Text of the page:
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Among the Sea Lions: A Case Study in Twitter Futility

Actually if Internet sea lions were this cute I wouldn't mind them
If Internet sea lions were this cute I wouldn’t really mind them

So a horse-loving, feminist-hating Roosh V fan popped into my Twitter mentions today, defending Roosh against accusations of rape by noting that he’s never actually been charged or convicted of rape. Which is true, though not actually proof of his innocence any more than OJ’s acquittal in criminal court is proof that he didn’t murder his ex-wife Nicole Brown Simpson and her friend.

mina

When Phil pointed out that his belief that Roosh is a rapist seems to be supported by Roosh’s own words, Ms. Smith declared that Roosh’s own words didn’t count, because they appeared in a post of mine. And that’s when, for better or worse, I entered into the discussion myself.

mina1

And then I asked the questions I ask everyone who accuses me of taking quotes out of context: Have you read the original quotes in context, and if so, could you tell me how I misrepresented them?

mina2

I don’t think anyone I have ever asked these questions to has given me a satisfactory answer. Most slink off at this point, their bluff called.

But others continue to bluff and bluster onward, doing their best to avoid answering the questions — either because they have read the quotes in their original context, and know full well that I didn’t misrepresent them, or because they haven’t read the quotes in the original and don’t want to admit it.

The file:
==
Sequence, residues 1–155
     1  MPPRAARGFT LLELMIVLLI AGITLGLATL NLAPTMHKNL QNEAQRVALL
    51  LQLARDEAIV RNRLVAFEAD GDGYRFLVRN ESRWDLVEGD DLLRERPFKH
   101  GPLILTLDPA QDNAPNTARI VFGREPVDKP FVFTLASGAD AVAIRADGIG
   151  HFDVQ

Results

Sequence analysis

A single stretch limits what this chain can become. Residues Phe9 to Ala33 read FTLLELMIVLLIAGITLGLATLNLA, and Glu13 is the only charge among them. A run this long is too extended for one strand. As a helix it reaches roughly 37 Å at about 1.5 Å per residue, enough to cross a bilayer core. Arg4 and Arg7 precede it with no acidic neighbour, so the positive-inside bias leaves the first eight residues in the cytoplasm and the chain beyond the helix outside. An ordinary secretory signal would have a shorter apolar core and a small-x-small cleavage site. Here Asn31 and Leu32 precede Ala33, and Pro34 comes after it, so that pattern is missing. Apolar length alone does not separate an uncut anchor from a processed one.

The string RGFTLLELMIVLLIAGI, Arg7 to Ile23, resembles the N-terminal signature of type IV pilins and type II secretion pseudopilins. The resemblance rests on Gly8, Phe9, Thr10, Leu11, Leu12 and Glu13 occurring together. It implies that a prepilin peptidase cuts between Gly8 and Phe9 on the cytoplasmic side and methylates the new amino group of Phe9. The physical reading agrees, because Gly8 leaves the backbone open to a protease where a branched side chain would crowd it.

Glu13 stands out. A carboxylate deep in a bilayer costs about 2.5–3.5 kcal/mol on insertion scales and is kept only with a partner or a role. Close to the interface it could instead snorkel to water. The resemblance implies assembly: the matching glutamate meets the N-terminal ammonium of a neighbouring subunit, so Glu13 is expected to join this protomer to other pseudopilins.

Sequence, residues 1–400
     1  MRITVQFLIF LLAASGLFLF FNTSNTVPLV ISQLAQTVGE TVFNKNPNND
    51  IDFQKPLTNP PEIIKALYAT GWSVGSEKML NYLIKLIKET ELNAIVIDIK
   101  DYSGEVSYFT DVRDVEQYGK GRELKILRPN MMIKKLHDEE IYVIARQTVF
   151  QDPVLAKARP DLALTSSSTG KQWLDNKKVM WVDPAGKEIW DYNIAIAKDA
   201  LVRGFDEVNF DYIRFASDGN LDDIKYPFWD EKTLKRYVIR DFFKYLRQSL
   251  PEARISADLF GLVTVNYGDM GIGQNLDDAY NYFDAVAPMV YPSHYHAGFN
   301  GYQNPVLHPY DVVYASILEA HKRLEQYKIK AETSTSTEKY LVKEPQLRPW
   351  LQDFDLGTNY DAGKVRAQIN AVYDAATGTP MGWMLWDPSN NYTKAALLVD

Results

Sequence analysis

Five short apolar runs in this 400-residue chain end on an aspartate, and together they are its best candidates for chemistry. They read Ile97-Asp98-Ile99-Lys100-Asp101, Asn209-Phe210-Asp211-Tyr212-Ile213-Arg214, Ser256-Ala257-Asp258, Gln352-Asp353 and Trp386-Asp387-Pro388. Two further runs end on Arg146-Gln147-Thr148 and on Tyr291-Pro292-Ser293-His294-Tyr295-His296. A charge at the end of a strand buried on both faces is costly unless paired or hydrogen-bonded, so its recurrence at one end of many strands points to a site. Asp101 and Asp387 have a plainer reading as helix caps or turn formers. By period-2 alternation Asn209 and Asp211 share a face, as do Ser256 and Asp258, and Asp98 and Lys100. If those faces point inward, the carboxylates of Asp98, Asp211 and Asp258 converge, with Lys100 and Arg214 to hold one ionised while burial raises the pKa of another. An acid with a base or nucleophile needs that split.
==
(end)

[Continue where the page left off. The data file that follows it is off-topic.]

Still, I don’t think I’ve ever run across a bluffer quite as brazen or as persistent as Ms. Smith, who somehow managed, over the course of several hours of on-and-off “debate,” to avoid saying whether or not she actually read any of the books she claimed I was misrepresenting. Or even the post of mine she was ostensibly critiquing.

As the hours went by, her attempts to wriggle out of answering these rather basic yes or no questions took on a kind of Dadaesque grandeur. Read on, if you have the patience for it.

mina3 mina4 mina5 mina6 mina7

mina8

mina9

mina10 mina11 mina12 mina13 mina14 mina15mina16mina17 mina18minalastfinalfinal

Seeing the name “Mina” so often in my mentions made me think of the Bollywood classic “Eena Meena Deeka,” which is certainly more entertaining than Mina Smith’s “arguments” above.

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kirbywarp
kirbywarp
5 years ago

I’m not going to admit to this idea that there’s some sort of deficit with observing the world beyond the standard unreliable senses…. That there’s some alternate form of “knowing” that’s unreachable to the scientific method, which literally doesn’t care about what you use to “measure” the universe as long as it’s got some sort of validity to it.

EJ (The Other One)
EJ (The Other One)
5 years ago

@Kirbywarp:
Rebecca Watson did an excellent series of talks on “alternate ways of knowing”; of why people believe in them and what their social origins are. I highly recommend that you check it out.

@Catalpa:
Not only are the worst dregs of movement atheism highly privileged people who seem to be motivated more by punching down than by alleviating the oppressive system, they are often the very same people that are involved in MRA and #GG circles (Carl Benjamin aka Sargon of Akkad and Phil Mason aka Thunderf00t, for example).